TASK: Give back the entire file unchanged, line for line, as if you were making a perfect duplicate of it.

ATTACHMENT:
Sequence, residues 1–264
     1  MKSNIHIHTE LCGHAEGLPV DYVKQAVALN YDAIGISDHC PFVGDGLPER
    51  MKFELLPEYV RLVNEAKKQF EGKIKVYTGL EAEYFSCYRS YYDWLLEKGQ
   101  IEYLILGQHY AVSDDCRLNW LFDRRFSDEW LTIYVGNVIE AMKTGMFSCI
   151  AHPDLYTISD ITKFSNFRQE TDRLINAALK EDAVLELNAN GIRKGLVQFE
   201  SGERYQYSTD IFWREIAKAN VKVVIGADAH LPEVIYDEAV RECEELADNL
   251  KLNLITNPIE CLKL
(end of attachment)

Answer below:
Sequence, residues 1–264
     1  MKSNIHIHTE LCGHAEGLPV DYVKQAVALN YDAIGISDHC PFVGDGLPER
    51  MKFELLPEYV RLVNEAKKQF EGKIKVYTGL EAEYFSCYRS YYDWLLEKGQ
   101  IEYLILGQHY AVSDDCRLNW LFDRRFSDEW LTIYVGNVIE AMKTGMFSCI
   151  AHPDLYTISD ITKFSNFRQE TDRLINAALK EDAVLELNAN GIRKGLVQFE
   201  SGERYQYSTD IFWREIAKAN VKVVIGADAH LPEVIYDEAV RECEELADNL
   251  KLNLITNPIE CLKL